Inglis Thornton
Charles Inglis Thornton (courtesy: Wikimedia Commons)

On August 31, 1886 and the day after, Charles Thornton hit some of the biggest sixes cricket had seen till then. Abhishek Mukherjee looks back at the goings-on at Scarborough that day.

Almost a century before the first ever ODI was played, there was one Charles Inglis ‘CI’ Thornton, who hit some of the monstrous sixes of the era. He never wore gloves or even pads (though he sometimes appeared with one glove). A shin-pad concealed inside his sock was generally sufficient.

Indeed, so good was his footwork that he didn’t need anything. “Individual in style, he jumped quickly to the ball in making his magnificent drives,” described Wisden of his aggressive batsmanship. This was in stark contrast with the other big hitters of the era, especially George Bonnor, who relied entirely on power and didn’t care much for stepping down the pitch.

Thornton was no Jessop. He did not score rapid hundreds (he scored only 5, in 217 matches, and averaged 19). He played mostly cameos. However, when he hit sixes they went many a mile, often enough to put today’s superbat users to shame. Numerous contemporaries went gaga over his strokes, and there is data to back that as well.

Playing for Eton in 1868, Thornton hit a six that cleared the Lord’s pavilion. While this pavilion was lower than the pavilion erected in 1890, it must also be remembered Thornton was still at school. James Lillywhite hailed it as the biggest straight drive he had seen.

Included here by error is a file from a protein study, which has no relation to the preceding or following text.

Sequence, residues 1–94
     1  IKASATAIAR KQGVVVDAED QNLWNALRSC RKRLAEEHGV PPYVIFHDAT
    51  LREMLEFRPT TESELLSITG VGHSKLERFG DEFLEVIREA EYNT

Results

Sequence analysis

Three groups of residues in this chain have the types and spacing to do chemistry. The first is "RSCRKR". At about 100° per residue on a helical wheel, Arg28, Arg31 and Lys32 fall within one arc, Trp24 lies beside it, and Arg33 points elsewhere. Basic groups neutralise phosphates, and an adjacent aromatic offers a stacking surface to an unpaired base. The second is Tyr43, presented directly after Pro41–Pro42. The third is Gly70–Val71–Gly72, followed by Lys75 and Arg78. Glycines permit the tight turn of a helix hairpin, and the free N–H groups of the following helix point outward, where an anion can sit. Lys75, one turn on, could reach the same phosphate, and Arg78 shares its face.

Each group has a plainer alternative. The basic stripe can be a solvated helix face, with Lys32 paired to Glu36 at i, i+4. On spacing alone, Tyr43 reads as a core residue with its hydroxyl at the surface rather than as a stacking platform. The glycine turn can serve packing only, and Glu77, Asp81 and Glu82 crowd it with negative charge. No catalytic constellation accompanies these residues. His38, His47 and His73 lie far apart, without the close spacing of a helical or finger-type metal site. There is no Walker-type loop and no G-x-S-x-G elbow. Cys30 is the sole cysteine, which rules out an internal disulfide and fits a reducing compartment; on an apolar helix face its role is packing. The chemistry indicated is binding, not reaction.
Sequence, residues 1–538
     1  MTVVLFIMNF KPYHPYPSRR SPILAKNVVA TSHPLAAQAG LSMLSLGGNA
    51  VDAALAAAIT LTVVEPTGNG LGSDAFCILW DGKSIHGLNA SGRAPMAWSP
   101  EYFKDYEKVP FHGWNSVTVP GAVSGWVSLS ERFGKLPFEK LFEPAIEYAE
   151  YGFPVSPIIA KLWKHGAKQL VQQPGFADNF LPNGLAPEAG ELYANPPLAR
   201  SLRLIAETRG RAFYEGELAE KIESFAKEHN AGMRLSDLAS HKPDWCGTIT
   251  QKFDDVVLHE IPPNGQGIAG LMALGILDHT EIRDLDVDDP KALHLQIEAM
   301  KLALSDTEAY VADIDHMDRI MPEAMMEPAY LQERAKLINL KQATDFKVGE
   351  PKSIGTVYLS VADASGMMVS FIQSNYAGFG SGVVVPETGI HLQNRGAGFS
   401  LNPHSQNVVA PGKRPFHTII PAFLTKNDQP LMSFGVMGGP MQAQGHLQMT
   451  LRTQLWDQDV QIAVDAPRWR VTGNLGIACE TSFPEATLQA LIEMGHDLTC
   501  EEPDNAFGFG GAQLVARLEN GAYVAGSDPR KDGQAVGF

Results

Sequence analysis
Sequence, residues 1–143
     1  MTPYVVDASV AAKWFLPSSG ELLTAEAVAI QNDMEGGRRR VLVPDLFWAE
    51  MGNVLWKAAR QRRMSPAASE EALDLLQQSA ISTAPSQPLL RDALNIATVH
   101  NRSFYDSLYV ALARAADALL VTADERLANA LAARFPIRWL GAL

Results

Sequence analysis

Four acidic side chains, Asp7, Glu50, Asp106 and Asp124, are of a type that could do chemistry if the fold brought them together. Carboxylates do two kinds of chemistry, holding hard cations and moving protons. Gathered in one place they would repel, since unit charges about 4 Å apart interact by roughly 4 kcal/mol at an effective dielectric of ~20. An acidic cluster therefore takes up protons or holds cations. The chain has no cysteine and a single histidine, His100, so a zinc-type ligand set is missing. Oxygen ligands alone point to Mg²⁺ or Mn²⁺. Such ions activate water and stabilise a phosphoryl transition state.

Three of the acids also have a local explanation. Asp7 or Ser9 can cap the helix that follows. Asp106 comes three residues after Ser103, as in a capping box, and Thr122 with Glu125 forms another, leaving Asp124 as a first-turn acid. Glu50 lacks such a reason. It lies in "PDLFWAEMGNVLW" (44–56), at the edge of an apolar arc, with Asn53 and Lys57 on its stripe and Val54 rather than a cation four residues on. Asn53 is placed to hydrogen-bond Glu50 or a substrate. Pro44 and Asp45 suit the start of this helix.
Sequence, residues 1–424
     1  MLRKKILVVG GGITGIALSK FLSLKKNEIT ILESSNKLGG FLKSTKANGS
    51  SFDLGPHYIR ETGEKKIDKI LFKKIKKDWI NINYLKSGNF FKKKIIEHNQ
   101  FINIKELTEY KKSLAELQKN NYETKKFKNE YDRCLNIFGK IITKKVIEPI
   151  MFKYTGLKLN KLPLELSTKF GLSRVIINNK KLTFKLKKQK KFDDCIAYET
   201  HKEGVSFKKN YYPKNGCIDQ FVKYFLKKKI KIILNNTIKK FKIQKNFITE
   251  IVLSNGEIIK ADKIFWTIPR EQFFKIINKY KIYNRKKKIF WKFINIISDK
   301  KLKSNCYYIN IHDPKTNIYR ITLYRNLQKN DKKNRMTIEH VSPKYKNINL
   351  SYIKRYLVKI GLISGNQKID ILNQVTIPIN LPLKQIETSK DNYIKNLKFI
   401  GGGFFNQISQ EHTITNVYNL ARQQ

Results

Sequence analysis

Playing for South (England) at Canterbury in 1871, he hit William Rose for a six that “strictly measured” 152 yards. In the nets in the same year at Hove he made two hits that covered 162 yards and 168 yards 2 feet (we will discuss the second hit later). And on another occasion he hit every single ball of a four-ball over from Vynell Walker out of the ground, at Canterbury.

In 1871 Thornton was touring Malton with Scarborough Visitors. Bets were placed (but at 2:1 odds!) that he would not be able to clear the ground. He did it five times.

He threatened James Southerton that he would hit him out of The Oval — and did it (“I told you I would do it, Jim”). He even lofted Southerton out of the ground on three different sides. It must be mentioned here that Southerton often got his revenge.

I had promised to return to that monster six of 168 yards 2 feet. There have been numerous recollections of the shot, most significantly in WG Grace’s Cricket. However, Grace, like many others, was not present and had received second-hand information.

Did the shot really travel that distance? Gerald Brodribb, that doyen of researchers, obviously curious, investigated the authenticity. Brodribb wrote of his research in details in the January 1975 edition of The Cricketer. Not only is it worth a read, it also makes little sense to try and investigate further: the case has been closed for good.

James Pycroft, who apparently measured the shot, had mentioned 160 in places. Thornton himself was quoted estimating it at 162 and 160 on two occasions. Sources suggest that Pycroft was not actually present when Thornton hit, but was told the spot where the ball landed.

Even if we estimate it at 145 yards (one, and only one, eyewitness mentions says “140 yards to 150”), that amounts to 132 metres, comfortably bigger than the distance covered by almost any six of recent time.

There is no doubt that Thornton was one of the biggest hitters of all time. He was also the reason behind the success of the Scarborough Festival — to the extent that he was honoured with the Freedom of the Borough.